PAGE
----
Demise of the Soviet Bloc, and the influx of Eastern European players beginning in 1989
Expansion plans - San Jose Sharks added in 1991, new teams planned for 1992-93

==Rules and innovations==
rule changes
growth of the draft

--Maxim () 00:01, 30 August 2008 (UTC)

Summit Series[edit]

I think the section should focus a little less on the play-by-play and more on some of the impacts of the series: proving European players can compete just as well as North Americans; emphasizing the importance of fitness; emphasizing the importance of teamwork over strong individual efforts.-Wafulz (talk) 18:05, 3 September 2008 (UTC)

Agreed. The article on the Summit Series can go into the details of important plays. This article should cover mainly the impact of the series on Canadian hockey, on Russian hockey, and on international hockey. Perhaps a mention of very well-known events, such as Phil Esposito's emotional outburst on national TV after Game 4, or Henderson's goal in Game 8, could be mentioned here. — Twas Now ( talkcontribse-mail ) 21:19, 3 September 2008 (UTC)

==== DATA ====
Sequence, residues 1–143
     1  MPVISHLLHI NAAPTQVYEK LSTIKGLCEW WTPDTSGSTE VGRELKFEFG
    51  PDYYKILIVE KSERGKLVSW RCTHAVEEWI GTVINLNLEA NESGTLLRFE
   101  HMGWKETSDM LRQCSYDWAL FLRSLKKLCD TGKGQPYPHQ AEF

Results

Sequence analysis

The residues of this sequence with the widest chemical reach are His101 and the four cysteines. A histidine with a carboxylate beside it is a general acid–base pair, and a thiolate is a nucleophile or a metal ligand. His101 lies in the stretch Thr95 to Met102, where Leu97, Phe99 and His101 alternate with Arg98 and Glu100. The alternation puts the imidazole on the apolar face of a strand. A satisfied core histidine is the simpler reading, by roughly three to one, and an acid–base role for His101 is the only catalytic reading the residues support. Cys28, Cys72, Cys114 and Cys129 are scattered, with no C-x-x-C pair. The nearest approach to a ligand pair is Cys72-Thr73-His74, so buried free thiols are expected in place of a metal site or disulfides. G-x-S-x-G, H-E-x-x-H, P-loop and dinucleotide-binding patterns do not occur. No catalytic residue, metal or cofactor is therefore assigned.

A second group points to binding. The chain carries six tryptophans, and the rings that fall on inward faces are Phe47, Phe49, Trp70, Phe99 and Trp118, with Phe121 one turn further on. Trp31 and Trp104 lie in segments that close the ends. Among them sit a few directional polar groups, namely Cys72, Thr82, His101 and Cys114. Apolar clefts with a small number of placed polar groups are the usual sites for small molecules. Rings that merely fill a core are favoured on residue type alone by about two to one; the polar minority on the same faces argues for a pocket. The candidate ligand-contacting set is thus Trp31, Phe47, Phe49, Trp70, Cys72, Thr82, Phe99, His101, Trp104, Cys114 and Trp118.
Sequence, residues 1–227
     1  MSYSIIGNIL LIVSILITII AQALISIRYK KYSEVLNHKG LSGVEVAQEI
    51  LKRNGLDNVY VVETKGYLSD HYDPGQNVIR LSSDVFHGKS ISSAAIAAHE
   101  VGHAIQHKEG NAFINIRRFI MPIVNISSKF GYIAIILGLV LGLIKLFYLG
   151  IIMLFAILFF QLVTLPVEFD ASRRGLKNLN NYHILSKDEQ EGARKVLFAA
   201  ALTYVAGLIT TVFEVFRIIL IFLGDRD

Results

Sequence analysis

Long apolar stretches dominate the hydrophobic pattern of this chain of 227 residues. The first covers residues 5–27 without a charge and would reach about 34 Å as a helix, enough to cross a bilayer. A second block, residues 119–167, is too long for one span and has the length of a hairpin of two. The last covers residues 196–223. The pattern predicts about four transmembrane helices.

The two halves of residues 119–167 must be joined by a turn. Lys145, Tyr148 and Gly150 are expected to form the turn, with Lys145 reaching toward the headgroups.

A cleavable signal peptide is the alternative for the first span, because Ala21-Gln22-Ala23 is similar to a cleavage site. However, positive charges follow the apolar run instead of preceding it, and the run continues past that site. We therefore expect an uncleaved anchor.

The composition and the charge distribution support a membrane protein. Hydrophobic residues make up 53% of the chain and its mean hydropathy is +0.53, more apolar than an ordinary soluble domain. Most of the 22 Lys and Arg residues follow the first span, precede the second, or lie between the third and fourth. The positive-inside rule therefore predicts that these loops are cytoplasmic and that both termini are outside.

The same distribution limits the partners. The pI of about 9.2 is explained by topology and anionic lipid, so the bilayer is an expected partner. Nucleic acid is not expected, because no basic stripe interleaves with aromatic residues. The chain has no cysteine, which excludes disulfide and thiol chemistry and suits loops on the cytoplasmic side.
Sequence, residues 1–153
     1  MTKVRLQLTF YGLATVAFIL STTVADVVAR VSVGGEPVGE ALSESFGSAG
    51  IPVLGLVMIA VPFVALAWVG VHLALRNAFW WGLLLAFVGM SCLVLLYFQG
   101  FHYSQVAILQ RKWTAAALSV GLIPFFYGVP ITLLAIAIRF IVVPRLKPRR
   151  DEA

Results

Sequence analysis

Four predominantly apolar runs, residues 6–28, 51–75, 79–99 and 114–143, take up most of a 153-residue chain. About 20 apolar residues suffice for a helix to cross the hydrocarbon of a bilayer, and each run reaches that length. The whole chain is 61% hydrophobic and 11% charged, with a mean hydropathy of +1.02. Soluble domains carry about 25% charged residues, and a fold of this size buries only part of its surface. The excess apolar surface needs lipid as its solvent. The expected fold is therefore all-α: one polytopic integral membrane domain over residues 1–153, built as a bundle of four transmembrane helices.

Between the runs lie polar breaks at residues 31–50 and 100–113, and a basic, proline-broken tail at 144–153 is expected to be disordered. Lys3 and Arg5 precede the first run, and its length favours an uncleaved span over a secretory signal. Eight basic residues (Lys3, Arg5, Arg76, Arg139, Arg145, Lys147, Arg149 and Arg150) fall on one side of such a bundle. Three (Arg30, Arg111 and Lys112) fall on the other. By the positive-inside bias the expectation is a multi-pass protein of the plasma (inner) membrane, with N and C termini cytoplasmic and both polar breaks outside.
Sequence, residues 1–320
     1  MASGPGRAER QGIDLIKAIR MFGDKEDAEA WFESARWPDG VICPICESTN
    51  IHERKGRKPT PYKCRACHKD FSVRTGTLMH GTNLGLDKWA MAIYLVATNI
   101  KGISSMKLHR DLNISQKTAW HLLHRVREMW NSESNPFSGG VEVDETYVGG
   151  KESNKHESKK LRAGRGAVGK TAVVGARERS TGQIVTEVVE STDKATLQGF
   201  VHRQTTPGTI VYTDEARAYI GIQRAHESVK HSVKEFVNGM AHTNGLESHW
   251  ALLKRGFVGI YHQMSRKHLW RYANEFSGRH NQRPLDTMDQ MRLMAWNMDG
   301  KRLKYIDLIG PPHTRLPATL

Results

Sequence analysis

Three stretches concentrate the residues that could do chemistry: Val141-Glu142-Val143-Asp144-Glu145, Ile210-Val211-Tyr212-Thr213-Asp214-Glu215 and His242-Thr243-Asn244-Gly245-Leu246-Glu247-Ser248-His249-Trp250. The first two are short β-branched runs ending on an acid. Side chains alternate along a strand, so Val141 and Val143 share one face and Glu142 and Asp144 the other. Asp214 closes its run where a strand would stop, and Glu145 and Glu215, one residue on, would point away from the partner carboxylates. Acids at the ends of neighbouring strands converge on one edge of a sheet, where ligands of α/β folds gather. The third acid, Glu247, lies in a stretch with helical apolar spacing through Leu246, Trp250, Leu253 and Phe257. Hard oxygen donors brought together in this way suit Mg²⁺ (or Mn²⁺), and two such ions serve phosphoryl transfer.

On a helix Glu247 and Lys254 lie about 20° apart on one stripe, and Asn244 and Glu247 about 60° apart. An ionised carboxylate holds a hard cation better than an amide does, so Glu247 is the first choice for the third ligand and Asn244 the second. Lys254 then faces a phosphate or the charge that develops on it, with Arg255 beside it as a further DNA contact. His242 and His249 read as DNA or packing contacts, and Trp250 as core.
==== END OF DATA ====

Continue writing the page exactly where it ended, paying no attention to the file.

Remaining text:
Actually, impact on Canadian, Soviet and international hockey would be beyond the scope of this article. Though, a fair bit of the current prose would be as well, I suppose. It certainly can be rewritten to reduce some of the gameplay, though I think Esposito's speech, and the game eight plays are of key importance to the topic. Resolute 21:46, 3 September 2008 (UTC)
I think the Series' impact specifically on the NHL falls within the scope of the article. I'd be okay with a paragraph or two discussing it.-Wafulz (talk) 17:54, 4 September 2008 (UTC)